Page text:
The movement of freight across the Channel is at present relatively unimportant, being confined almost entirely to perishable foodstuffs and goods of high value. Freight imported, exported, and reëxported via Dover, Folkestone, and Newhaven amounts to less than 3 percent of England's foreign trade. If this traffic remains the same in the future, construction of the proposed tunnel will bring but slight benefit to English trade. But the Committee argues that, as the development of communications during the past century resulted in great increases in the amount of traffic, so construction of the Channel tunnel will reap the benefit of increasing production and commerce in the future. The Committee believes that it could be built, maintained, and operated at a cost that would allow of freight and passenger rates not higher than those now in force in cross-Channel traffic.

The trades that might be adversely affected by the operation of a Channel tunnel are important, but they are not numerous and they represent but a small percentage of the trades and industries of the entire country. The agricultural producer in southeastern England, who fears the increased competition from the Continent, can improve his position by developing better methods of marketing his produce; furthermore, he has an initial advantage over his competitor in his proximity to the London market. Concerns operating trans-Channel cargo boats are threatened with the loss, partial or absolute, of their business; accordingly, the Committee recommends that careful consideration be given to their plight, both for their own sake and also for the reason that, if they are driven out of business, freight rates might rise because of lack of competition. The railroads hold that, while they may lose their trans-Channel boat and train traffic, they will benefit from the general growth of traffic resulting from the operation of the tunnel.

Construction and operation of the tunnel would have only slight effect on the labor market. About 250 men would be employed in the construction of the pilot tunnel, and about 1,550 men in the construction of the traffic tunnels. In addition, it is estimated that work on the pilot tunnel would indirectly provide employment for 750 men and on the main tunnels for 4,500 men. The number of laborers thrown out of work when the tunnel is opened would be relatively small.

The French public has always favored the construction of the tunnel. Marshal Foch in 1922 said of the project: "If the Channel tunnel had been built it might have prevented the war, and in any event it would have shortened its duration by one half."

In England, however, opinion has always been divided. Though Gladstone, John Bright, and Lord Salisbury favored the project, Joseph Chamberlain and the War Office opposed it. No British government thus far has supported it. The report of the Channel Tunnel Committee favors the project, but the dissenting minute of one member of the Committee and also some hostile press comment are indications that the plan is still subject to controversy. Prime Minister MacDonald recently informed Parliament that the Committee of Imperial Defense would be asked for its opinion of the report and that, as soon as the government had reached a decision, it would be communicated to the House of Commons.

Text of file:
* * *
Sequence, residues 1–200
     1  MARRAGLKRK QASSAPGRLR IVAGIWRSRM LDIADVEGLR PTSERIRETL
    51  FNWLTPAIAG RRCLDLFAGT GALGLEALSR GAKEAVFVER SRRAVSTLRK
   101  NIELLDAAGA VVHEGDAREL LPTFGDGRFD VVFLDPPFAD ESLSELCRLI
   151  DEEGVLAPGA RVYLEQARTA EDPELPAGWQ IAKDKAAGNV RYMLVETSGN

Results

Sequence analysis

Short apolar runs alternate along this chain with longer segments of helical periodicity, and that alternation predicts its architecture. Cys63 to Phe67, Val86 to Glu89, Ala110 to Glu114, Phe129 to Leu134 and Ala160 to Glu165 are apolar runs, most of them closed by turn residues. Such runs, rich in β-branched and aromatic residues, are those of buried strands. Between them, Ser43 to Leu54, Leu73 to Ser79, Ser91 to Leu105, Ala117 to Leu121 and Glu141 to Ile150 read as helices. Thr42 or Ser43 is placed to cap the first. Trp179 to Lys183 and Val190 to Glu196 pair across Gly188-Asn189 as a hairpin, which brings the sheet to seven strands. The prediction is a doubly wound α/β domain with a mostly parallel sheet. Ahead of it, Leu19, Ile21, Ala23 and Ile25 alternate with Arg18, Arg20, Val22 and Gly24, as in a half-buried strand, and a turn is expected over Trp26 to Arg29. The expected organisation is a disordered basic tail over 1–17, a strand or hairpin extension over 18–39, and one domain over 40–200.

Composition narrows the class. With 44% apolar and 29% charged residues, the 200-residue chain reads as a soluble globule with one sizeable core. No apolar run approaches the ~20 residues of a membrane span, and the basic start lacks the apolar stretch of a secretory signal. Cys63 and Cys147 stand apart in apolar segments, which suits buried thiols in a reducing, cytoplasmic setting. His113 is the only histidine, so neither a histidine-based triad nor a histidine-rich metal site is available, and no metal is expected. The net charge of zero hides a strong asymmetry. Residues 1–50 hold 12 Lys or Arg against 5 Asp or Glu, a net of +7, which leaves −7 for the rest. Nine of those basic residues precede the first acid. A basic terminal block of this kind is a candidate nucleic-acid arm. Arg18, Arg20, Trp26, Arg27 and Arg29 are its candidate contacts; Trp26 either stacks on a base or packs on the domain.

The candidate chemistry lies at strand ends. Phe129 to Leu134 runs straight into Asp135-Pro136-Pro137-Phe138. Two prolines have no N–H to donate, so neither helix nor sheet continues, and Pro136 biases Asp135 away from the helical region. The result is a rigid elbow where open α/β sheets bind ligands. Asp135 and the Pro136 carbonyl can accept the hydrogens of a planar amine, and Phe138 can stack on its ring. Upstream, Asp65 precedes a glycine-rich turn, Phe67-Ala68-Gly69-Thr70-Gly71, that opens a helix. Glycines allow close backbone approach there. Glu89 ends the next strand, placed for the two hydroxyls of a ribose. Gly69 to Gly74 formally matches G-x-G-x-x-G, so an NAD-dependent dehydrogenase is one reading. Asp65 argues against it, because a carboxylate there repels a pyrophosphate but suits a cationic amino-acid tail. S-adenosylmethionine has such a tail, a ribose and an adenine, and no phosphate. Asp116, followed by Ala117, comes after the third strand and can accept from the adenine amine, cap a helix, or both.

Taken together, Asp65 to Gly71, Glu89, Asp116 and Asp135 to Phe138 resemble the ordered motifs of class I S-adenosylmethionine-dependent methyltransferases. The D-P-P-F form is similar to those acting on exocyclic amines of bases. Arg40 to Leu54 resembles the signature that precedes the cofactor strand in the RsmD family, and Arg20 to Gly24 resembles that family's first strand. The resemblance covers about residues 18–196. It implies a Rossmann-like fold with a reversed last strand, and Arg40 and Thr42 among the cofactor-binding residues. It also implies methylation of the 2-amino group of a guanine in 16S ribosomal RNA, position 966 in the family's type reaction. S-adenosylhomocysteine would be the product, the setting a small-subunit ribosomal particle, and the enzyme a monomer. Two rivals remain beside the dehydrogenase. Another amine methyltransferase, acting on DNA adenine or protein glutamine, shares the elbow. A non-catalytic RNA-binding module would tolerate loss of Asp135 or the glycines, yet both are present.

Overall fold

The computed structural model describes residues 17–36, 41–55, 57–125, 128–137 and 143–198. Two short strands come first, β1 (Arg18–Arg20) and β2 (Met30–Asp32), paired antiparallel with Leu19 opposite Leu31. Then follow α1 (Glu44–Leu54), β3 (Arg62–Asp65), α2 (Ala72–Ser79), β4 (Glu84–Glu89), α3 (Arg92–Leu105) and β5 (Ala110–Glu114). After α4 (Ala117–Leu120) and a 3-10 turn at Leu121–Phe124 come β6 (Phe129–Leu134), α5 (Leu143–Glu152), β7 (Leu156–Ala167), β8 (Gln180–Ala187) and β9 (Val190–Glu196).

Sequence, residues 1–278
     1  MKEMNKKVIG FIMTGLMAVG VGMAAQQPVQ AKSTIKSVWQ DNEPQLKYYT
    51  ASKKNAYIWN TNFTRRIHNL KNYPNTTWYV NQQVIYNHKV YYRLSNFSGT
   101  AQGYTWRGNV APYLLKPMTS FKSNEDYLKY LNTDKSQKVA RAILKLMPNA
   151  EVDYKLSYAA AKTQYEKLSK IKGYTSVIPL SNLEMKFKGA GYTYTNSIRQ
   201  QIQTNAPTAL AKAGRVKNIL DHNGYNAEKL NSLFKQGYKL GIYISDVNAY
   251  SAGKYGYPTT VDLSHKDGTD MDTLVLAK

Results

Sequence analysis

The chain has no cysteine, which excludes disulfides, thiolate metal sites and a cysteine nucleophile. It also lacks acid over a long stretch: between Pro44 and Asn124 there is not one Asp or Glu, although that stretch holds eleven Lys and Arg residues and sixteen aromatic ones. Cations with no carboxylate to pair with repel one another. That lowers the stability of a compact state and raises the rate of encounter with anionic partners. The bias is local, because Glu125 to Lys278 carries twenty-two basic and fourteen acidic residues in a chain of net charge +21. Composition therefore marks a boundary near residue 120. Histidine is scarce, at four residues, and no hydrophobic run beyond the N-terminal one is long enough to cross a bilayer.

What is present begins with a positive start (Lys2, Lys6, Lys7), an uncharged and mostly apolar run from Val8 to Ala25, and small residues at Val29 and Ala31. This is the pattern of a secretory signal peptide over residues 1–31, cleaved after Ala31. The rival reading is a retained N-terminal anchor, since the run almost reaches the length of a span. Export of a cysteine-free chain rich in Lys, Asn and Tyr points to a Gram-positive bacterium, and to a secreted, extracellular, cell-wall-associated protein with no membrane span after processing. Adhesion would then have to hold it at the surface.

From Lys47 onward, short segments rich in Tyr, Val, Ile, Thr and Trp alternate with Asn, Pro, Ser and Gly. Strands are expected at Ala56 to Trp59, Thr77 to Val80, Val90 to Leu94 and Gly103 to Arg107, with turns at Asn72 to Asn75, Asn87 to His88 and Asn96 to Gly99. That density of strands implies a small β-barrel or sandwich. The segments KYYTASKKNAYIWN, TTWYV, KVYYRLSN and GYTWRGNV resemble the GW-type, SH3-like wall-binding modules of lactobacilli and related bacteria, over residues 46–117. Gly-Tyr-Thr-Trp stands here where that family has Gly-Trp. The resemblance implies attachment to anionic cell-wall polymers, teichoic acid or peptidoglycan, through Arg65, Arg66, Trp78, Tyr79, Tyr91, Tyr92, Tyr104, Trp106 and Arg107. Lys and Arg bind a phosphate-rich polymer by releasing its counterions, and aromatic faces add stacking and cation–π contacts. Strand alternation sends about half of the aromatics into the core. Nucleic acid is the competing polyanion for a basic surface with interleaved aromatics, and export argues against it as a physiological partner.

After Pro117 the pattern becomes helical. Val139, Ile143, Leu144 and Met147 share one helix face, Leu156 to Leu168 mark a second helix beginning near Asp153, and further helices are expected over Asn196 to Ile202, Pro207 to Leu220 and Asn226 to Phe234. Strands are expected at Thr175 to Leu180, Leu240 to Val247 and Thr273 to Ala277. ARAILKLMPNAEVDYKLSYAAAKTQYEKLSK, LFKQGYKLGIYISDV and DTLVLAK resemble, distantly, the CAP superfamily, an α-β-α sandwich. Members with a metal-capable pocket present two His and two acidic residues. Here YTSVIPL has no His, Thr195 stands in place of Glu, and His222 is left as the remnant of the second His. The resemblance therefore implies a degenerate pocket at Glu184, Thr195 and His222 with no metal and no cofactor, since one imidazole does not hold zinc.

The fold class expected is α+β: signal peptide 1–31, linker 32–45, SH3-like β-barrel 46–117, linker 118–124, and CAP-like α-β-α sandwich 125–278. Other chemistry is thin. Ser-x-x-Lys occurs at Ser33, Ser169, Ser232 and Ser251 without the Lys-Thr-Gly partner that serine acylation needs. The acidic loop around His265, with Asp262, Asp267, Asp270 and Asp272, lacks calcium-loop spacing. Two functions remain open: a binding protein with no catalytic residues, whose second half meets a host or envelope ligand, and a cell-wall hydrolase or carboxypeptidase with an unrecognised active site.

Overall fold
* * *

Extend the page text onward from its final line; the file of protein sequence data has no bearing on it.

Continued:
In general, Conservative periodicals oppose the scheme while Liberal periodicals favor it. The Conservatives argue that, if the danger of invasion can be ruled out in a discussion of the tunnel, so can the necessity for the tunnel itself, for crossing the Channel today is a much easier and faster trip than it was when the project was first discussed. The only justification for constructing the tunnel, they continue, is unmistakable proof that it would add to England's comfort and prosperity, promote foreign trade, and relieve unemployment -- and this is not found in the report. The Liberals reply that this attitude is founded on prejudice and opposition to progress. Furthermore, they suggest that, as imports from the Continent now exceed exports via the Channel, the railroads might offer especially attractive rates to English exporters in order to fill freight cars that would otherwise return empty to the Continent. The Committee's report may not be so enthusiastic as to persuade conservative people to invest money in the project, but, as one writer suggests, the romance and glamor of adventure in it might well attract a number of investors.

So far we have considered only the material aspects: what about the spiritual results of constructing the tunnel? By putting an end forever to the tourist's terror of a rough Channel crossing, the tunnel should encourage visitors to England from foreign lands. Traveling Americans, it is argued, most of whom visit Paris, will be more inclined to include England in their tour of Europe; and the French, who are not fond of crossing the sea, will become more familiar with their neighbor. Thus a better Anglo-French understanding, and probably a better understanding of Great Britain by foreigners generally, might result if the project ever materialized.

A. S. V. S.

[i] Published March 14, 1930. Cmd. 3513.